“And as they were going along the road, someone said to Him, ‘I will follow You wherever You go.’ And Jesus said to him, ‘The foxes have holes, and the birds of the air have nests, but the Son of Man has nowhere to lay His head’” (Luke 9:57-58).
How sad this truly is. Here was a Man that welcomed tax collectors, prostitutes, and other sinners into His presence; here was a Man who healed the sick, gave sight to the blind, hearing to the deaf, soundness of limb to the lame, and even raised the dead, but He had no place to lay His head. Even those who believed in Him while on the earth could not identify with Him. They often mistook what He said and twisted His words.
When you are feeling isolated because you think no one understands you remember Jesus. He too experienced loneliness, misunderstanding, and even slander. Yet, He did it willingly, but with an awareness that we often do not have.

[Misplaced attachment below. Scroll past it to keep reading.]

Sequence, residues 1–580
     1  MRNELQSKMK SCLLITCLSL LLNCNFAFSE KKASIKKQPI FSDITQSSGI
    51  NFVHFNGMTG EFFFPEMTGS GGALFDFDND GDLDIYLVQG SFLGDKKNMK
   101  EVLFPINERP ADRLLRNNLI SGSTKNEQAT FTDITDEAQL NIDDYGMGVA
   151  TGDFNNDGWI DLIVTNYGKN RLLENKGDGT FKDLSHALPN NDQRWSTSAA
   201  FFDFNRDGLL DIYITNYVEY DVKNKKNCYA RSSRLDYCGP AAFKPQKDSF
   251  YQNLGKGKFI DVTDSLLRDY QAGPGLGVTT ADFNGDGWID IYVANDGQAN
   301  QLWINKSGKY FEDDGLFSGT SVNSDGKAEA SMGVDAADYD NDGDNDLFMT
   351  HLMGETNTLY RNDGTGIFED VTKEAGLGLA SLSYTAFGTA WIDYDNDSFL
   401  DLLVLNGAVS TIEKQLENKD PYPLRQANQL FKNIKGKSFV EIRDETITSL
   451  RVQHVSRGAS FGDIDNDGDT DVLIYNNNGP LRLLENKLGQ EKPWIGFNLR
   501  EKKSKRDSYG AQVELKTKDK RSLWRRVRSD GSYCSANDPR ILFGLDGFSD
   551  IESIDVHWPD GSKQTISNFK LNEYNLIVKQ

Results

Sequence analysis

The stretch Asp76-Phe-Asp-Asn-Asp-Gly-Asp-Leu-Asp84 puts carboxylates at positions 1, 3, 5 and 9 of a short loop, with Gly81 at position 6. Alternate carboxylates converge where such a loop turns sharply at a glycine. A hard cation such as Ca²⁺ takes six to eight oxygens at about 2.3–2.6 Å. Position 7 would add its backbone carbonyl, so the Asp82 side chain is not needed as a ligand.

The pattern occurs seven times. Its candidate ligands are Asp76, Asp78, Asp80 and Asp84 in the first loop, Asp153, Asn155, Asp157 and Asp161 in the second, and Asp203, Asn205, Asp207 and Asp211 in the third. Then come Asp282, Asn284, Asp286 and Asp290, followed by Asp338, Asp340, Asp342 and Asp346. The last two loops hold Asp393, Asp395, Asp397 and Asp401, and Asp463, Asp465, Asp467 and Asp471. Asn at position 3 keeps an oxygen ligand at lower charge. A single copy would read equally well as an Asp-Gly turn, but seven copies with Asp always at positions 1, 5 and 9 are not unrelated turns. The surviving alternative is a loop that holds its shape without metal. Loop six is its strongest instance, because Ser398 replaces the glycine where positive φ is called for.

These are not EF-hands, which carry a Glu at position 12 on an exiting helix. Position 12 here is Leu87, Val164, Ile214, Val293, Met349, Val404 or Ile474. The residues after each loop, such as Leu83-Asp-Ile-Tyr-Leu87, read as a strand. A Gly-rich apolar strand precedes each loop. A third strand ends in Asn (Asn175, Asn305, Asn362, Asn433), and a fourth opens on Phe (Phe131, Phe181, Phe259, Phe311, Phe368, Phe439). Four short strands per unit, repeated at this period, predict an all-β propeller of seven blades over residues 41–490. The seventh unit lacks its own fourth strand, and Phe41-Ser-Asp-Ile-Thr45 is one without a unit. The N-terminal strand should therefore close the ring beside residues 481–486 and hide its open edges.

“Now when He was in Jerusalem at the Passover, during the feast, many believed in His name, beholding His signs which He was doing. But Jesus, on His part, was not entrusting himself to them, for He knew all men, and because He did not need anyone to bear witness concerning man for He Himself knew what was in man” (John 2:23-25).
So desperate are we for companionship or fellowship at times that we, seeking a place to rest emotionally, turn to one we regard as a close friend to pour our hearts out to, only to find he does not understand or makes light of our plight or worse, uses this knowledge of us to harm us later if he becomes angry with us.
It is no wonder Jesus was a Man of prayer. The isolation He would have experienced on the earth would have driven Him to the mountains to seek His Father’s face; for it was there that He could find a place to lay His head and rest and be refreshed.